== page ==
Catherine Diane Mowrey was born on February 5, 1961 to James and Catherine Mowrey. She grew up in Kansas alongside her five siblings: Jim, Michael, Mark, Joann and Deborah.
When she was a young adult, Catherine changed her name to “Catrina”. This was because she was working at a country club where many of the ladies kept calling her by that name.
In 1985, Catrina was 24 years old and living on her own in Dallas, Dallas County, Texas. She’d left Kansas when she turned 18. According to her niece, Catrina Marshall, she was semi-involved in the local drug scene.
LEAD UP TO MURDER:
In mid-June 1985, Catrina was planning to drive to Kansas to visit Deborah. Prior to the trip, the pair had gotten into an argument over the phone, causing Deborah to hang up on her sister. Despite the anger between the two, Deborah assumed they’d patch things up when Catrina arrived in Kansas.
When Catrina didn’t arrive, Deborah assumed she was still upset and had decided to cancel her trip without telling anyone.
MURDER & AUTOPSY:
On June 25, 1985, the manager of the Casa III apartments at 200 South Marsalis Avenue (some reports say she was a resident) was walking by an alley when she noticed a strong odour coming from a 1978 Ford LTD parked nearby. She contacted the Southwest station of the Dallas Police Department, and when officers arrived, they too smelled something coming from the vehicle’s trunk.
When they popped open the trunk, they discovered the decomposing nude body of a White female. She’d been wrapped in a stained white bedsheet.
The body was brought to the medical examiner, who through dental records identified the deceased as Catrina Mowrey. Given the level of decomposition, they were unable to note any superficial marks or wounds on the body. However, they were able to conclude Catrina had not been sexually assaulted prior to her death.
A toxicology report found no drugs or alcohol in her system.
Police initially tried to put Catrina’s death down as a suicide. However, it was later deemed to be an “unexplained death”. It was estimated it had occurred two days prior to her body being found, on June 23, 1985.
According to Deborah, there was a one-to-two week span between her final phone call with Catrina and the family learning of her death. Her body was eventually released and the burial done in Lawrence, Kansas.
Catrina’s death was never publicized to the wider Dallas population, with little in the way of media coverage. At the time it occurred, it was reported to be the cause of an overdose, as the toxicology report had yet to be complete. Speaking with the media, one of the sergeants working homicide claimed there was evidence she’d taken cocaine prior to her death.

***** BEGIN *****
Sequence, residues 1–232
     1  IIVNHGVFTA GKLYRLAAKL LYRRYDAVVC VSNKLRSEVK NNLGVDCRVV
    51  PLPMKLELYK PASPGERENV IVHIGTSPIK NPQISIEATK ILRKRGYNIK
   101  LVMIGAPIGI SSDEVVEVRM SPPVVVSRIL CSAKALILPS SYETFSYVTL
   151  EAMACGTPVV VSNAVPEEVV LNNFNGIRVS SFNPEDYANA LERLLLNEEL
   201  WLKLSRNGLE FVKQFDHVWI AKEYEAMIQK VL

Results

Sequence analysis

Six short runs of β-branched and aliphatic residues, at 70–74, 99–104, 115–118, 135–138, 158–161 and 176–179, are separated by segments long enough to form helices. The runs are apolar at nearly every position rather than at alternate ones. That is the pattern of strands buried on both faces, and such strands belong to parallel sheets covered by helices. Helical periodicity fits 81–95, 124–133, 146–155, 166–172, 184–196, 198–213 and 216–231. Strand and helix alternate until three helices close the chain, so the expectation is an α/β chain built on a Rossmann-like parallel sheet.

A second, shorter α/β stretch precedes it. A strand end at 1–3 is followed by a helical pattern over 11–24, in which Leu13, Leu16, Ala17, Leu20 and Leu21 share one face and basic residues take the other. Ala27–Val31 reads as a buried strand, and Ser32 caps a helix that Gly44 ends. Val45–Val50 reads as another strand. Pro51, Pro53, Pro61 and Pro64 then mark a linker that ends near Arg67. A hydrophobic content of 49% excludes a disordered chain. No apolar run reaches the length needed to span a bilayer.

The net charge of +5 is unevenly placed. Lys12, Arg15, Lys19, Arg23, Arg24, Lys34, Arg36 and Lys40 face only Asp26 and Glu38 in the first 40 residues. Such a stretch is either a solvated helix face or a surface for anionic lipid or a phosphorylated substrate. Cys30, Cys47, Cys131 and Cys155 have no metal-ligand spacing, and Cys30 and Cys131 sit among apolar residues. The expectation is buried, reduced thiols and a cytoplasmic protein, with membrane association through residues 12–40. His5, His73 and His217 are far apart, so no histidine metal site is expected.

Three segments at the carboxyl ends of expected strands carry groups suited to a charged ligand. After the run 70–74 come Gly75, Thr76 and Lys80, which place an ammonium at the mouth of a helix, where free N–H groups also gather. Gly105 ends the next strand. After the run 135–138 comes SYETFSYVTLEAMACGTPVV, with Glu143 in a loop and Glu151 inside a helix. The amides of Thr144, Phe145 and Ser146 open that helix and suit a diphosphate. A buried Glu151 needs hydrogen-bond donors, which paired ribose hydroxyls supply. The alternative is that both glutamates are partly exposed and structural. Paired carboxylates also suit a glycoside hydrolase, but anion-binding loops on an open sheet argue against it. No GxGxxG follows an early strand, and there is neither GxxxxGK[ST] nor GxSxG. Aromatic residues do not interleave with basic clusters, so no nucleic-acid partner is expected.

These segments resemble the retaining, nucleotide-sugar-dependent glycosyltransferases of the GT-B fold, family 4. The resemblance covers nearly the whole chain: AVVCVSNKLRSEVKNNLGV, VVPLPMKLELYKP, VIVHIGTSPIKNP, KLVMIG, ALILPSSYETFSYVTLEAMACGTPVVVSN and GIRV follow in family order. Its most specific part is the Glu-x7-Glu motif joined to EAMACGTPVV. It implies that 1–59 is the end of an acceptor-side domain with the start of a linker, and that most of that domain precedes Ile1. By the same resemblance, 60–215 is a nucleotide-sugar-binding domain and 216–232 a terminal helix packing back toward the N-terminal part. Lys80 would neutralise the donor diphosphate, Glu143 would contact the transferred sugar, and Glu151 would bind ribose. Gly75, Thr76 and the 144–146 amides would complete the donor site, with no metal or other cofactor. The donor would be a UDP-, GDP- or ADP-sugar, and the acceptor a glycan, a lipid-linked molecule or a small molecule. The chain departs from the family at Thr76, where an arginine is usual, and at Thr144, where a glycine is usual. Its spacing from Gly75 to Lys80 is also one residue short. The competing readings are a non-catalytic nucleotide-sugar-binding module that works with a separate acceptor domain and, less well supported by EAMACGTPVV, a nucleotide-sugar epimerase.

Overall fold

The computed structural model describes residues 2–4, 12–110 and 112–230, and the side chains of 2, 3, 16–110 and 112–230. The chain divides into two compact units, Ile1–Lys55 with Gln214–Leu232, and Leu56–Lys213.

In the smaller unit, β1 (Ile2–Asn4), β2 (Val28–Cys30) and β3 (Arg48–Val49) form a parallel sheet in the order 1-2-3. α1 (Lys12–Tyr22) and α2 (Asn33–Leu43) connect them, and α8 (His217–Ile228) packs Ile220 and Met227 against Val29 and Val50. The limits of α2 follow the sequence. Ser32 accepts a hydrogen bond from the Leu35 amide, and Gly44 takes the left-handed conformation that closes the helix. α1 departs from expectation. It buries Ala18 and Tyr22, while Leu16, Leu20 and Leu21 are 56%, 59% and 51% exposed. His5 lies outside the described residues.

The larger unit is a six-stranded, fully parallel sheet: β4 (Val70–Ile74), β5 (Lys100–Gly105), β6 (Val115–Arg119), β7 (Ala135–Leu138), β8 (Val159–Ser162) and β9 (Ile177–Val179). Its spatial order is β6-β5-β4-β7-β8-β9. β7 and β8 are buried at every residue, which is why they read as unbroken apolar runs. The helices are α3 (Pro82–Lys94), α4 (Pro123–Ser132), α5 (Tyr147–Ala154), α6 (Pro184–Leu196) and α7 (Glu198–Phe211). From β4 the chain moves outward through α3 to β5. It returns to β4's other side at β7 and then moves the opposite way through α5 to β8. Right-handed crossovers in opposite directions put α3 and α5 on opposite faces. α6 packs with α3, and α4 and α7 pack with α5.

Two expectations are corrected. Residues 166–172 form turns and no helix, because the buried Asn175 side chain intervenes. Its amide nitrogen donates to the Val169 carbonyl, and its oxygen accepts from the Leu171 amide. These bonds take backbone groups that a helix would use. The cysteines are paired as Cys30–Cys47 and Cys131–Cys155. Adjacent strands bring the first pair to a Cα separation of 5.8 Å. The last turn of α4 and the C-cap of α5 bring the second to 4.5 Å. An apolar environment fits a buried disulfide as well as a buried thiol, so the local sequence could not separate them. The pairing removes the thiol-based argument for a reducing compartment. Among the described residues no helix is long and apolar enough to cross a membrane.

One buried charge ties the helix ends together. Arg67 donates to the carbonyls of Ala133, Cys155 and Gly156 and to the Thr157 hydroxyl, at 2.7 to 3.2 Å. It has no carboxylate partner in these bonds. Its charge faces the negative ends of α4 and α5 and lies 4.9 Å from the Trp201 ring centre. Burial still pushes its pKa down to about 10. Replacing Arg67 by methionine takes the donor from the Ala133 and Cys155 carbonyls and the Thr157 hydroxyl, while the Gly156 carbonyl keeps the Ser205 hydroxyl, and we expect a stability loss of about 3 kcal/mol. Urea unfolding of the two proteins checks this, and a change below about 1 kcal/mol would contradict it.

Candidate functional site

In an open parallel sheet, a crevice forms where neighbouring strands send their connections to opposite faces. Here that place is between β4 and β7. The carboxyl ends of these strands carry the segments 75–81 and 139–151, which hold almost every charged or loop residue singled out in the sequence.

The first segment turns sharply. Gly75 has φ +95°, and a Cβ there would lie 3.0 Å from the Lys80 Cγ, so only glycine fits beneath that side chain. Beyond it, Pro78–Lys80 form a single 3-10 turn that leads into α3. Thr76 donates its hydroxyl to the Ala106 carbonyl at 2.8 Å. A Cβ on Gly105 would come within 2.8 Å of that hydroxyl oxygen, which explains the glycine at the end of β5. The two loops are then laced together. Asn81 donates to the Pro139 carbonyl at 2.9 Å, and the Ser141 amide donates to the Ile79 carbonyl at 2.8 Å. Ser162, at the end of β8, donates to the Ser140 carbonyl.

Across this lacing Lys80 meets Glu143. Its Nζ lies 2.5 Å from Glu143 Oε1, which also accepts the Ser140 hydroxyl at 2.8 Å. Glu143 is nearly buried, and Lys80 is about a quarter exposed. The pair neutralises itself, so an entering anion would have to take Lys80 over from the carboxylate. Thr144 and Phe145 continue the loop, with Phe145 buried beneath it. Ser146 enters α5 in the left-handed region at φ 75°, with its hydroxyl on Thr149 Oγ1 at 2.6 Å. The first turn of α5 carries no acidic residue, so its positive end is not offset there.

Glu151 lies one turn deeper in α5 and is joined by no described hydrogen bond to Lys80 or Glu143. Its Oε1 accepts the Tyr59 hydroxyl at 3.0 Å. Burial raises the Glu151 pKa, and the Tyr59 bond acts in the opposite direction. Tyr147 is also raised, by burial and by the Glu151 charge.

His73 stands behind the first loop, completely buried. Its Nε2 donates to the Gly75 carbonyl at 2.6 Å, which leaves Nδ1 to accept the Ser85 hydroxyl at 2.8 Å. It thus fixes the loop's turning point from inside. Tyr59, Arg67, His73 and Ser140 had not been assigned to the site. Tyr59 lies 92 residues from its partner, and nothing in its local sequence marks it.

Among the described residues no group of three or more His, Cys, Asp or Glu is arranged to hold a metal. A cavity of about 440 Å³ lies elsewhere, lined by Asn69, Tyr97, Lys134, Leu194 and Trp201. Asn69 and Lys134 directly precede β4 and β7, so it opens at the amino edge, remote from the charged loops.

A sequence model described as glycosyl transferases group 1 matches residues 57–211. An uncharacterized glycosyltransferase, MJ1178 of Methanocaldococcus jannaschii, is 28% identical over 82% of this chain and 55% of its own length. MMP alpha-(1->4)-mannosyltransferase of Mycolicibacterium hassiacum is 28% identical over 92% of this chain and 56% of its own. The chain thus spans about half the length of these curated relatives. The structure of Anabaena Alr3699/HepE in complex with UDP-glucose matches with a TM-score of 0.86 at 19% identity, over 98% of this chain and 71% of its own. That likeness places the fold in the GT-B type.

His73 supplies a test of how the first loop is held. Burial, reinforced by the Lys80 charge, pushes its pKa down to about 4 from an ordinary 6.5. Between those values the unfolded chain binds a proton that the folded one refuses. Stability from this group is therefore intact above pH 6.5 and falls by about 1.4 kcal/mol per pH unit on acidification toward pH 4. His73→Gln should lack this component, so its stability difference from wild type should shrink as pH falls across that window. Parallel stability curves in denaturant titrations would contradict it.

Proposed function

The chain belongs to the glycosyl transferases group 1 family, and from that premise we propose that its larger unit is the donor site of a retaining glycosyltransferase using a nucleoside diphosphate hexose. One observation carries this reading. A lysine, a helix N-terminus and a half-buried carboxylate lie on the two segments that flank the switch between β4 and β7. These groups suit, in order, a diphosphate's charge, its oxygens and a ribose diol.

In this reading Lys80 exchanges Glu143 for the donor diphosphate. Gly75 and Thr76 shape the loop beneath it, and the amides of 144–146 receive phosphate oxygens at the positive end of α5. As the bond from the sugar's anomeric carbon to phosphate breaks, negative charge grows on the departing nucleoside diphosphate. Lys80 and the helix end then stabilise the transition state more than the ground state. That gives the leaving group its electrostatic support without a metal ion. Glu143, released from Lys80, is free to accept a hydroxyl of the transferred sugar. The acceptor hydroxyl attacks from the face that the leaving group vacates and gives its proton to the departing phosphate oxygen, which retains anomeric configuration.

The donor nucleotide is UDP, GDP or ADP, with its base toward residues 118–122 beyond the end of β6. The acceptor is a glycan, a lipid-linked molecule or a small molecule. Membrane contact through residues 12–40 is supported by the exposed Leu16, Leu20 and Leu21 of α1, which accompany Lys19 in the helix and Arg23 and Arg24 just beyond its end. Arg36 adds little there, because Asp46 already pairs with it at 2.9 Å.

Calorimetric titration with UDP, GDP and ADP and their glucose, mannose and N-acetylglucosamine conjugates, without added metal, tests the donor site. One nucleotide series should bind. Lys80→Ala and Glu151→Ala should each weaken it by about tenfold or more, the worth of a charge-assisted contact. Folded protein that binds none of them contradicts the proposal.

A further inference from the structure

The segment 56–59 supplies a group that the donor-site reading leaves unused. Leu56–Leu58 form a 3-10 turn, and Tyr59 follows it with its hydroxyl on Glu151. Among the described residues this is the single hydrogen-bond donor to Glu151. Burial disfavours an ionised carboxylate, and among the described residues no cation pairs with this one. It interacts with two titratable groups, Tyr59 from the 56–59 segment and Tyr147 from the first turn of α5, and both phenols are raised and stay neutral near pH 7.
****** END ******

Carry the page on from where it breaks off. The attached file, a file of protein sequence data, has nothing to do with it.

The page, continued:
Investigators went to Catrina’s apartment and found nothing out of the ordinary. There was no evidence of forced entry and nothing was missing. In fact, her glasses and contacts, which she was legally blind without, were found on her nightstand. Her travel bags were also found by the front door, indicating she had planned to make the trip to Kansas to visit her sister.
The authorities also spoke with Catrina’s boyfriend, after discovering the vehicle in which her body was found belonged to him. He claimed to have no knowledge she was still in Dallas, as he’d assumed she’d already left for Kansas, and had an alibi for the time of her death. He was also unaware his car was missing, which was not unusual, as Catrina was known to borrow it whenever she made trips back home.
According to Deborah, the last person to see her sister was a man known as “PeeWee”. The pair were close friends, to the point where it’s alleged PeeWee had a crush on Catrina. She was also his drug dealer. Knowing how the pair interacted with each other, Deborah always felt PeeWee was responsible for Catrina’s death. However, authorities were never able to locate and question him, and his whereabouts remain unknown.
It’s widely believed Catrina’s death wasn’t taken seriously by the Dallas Police Department due to her involvement in the local drug scene. According to Catrina’s niece, investigators misled the family into believing they were actively looking into the case, when in actuality it was left untouched. This caused a divide within the family, along with unresolved anger and resentment. It was also considered a “taboo” topic and thus was rarely spoken about.